February 2013 Church & State | People & Events

 

A hurricane that brought wide­spread destruction to the East Coast in late October has sparked a campaign to get government aid to rebuild damaged houses of worship.

Hurricane Sandy pummeled New Jersey, New York and other Eastern states Oct. 29. The Category One hurricane made landfall along the New Jersey coastline and moved northward, doing an estimated $63 billion in property damage.

In the wake of the storm, the Federal Emergency Management Agency (FEMA) began offering grants and other types of aid to homeowners and some nonprofits such as museums and libraries. But FEMA said no direct public funding would be made available to houses of worship.

The policy isn’t new; FEMA has traditionally excluded houses of worship from direct aid. Even the George W. Bush administration, famous for its “faith-based” initiative, drew the line at rebuilding churches after 2005’s Hurricane Katrina.

But this time FEMA’s policy drew fire from some religious groups that wanted outright grants to rebuild or repair storm-battered houses of worship.

The Union of Orthodox Jewish Congregations of America and the American Jewish Committee worked with former U.S. Sen. Joseph Lieberman (I-Conn.) to try to amend a Hurricane Sandy relief bill to allow houses of worship to receive FEMA grants.

The effort was not successful, and Lieberman retired from the Senate in January. The two groups, however, are continuing the push, and the move is supported by the U.S. Conference of Catholic Bishops.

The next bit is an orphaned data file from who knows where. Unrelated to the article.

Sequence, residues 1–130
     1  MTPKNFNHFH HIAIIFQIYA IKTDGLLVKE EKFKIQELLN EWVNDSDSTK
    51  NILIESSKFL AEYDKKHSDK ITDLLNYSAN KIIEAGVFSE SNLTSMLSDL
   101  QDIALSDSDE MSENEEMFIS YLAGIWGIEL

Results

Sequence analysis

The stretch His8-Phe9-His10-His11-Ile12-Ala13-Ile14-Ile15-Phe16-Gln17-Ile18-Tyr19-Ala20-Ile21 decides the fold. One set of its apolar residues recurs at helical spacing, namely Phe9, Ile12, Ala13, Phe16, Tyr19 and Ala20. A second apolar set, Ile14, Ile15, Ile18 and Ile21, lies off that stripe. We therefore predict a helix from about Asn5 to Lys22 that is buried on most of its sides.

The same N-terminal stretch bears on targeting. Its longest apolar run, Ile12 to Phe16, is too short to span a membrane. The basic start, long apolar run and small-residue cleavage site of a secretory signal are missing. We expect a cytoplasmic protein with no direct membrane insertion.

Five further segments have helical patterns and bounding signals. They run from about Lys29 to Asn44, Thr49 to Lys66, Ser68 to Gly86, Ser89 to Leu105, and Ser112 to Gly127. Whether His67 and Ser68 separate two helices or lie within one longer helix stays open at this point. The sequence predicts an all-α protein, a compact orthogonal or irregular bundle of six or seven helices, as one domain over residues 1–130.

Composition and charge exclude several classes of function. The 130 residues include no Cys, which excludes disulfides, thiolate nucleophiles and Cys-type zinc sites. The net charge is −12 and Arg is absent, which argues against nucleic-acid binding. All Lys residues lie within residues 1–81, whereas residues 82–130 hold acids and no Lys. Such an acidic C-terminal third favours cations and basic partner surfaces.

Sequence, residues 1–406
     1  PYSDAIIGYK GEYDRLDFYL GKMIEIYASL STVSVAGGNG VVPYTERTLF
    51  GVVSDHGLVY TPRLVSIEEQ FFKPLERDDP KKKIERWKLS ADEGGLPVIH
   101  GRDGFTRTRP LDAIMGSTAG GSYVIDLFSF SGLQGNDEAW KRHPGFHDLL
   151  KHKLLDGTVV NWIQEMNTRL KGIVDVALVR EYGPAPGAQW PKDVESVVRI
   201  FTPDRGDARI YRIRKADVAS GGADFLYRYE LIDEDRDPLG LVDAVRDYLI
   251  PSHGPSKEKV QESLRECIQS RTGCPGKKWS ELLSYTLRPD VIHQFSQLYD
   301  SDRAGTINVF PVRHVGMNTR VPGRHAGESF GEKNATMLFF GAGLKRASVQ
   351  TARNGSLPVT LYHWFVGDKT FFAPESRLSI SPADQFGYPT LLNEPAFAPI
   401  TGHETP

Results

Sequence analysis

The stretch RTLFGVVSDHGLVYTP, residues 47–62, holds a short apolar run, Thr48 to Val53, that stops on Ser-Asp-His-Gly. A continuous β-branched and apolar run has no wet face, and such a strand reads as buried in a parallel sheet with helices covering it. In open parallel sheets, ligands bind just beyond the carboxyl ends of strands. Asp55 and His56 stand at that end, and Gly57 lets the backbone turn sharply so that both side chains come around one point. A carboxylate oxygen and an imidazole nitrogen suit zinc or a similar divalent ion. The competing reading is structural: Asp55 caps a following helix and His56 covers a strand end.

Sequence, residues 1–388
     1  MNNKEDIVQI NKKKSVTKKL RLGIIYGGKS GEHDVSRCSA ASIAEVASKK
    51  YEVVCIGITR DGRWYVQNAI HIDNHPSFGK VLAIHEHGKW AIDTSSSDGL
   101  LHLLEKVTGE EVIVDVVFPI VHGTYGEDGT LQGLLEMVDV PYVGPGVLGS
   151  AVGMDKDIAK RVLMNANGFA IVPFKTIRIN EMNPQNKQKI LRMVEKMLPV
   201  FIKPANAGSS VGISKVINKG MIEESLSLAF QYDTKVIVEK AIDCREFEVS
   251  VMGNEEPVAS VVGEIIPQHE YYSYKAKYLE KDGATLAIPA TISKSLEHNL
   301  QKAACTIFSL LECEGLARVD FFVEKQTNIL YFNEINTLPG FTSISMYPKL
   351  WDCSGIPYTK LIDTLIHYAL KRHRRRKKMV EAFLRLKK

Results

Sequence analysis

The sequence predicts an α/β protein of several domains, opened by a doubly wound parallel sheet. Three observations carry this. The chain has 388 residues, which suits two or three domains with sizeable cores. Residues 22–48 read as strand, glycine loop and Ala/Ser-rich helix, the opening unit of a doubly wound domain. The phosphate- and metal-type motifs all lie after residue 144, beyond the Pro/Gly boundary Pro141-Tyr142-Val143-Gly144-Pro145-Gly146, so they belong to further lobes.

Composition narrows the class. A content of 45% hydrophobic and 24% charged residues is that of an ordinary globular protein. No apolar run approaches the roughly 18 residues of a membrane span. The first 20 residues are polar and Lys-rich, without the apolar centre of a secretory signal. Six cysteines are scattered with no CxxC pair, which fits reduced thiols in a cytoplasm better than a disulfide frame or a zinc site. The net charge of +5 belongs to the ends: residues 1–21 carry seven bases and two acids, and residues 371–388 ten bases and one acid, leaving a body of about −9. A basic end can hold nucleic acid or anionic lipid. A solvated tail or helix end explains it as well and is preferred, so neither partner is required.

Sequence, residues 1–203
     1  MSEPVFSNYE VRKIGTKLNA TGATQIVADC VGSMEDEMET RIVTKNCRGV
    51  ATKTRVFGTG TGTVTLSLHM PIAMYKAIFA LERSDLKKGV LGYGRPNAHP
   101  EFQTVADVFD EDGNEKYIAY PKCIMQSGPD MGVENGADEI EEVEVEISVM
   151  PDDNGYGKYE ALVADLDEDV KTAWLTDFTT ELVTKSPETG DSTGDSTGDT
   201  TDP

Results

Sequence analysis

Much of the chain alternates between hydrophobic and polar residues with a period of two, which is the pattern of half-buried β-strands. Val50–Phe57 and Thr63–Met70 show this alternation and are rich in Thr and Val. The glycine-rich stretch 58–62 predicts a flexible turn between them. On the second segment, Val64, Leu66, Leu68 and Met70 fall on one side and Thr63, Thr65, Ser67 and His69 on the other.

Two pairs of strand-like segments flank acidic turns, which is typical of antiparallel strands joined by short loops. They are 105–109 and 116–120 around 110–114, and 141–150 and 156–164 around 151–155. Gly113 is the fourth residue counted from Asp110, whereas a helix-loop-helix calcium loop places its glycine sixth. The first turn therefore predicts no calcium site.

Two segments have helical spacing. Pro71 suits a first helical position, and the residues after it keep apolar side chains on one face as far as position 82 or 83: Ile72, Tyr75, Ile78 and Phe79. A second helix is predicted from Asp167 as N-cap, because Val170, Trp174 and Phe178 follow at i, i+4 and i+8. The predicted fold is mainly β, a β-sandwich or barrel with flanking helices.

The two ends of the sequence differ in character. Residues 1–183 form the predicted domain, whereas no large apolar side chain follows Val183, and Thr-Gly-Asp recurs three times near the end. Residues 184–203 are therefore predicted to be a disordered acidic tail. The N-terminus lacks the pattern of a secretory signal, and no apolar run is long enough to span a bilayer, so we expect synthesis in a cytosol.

Nathan Diament, the executive director of public policy for the Institute for Public Affairs at the Union of Orthodox Jewish Congregations of America, told The New York Times, “Houses of worship should not be discriminated against and excluded from getting assistance on the same terms as other eligible nonprofits.”

About 40 synagogues plan to submit applications for aid to FEMA to test the policy. Some Christian churches may join them as well.

But not all Jewish groups agree that public funds should be made available. The Anti-Defamation League on Jan. 4 issued a statement expressing concern about direct taxpayer funding of houses of worship.

“It is not discriminatory to prohibit federal funds for rebuilding houses of worship, because the Constitution protects religious freedom by preventing the government from funding or endorsing any religion,” read a statement issued by Michael Lieberman of the ADL’s Washington, D.C., office. “A taxpayer should not have to fund a religion or a religious institution with which he or she disagrees.”

Americans United also opposes the funding, noting that it would lead to church-state lawsuits.

“I think that challenges would be inevitable if you started to reconstruct religious buildings with federal or state tax dollars,” Barry W. Lynn, executive director of Americans United, told The Times.

The Times reported that houses of worship can apply for FEMA grants for social services that assist the public, such as homeless shelters and feeding programs. In addition, churches might qualify for low-interest loans through the Small Business Administration.

But some religious leaders want grants, which don’t have to be paid back.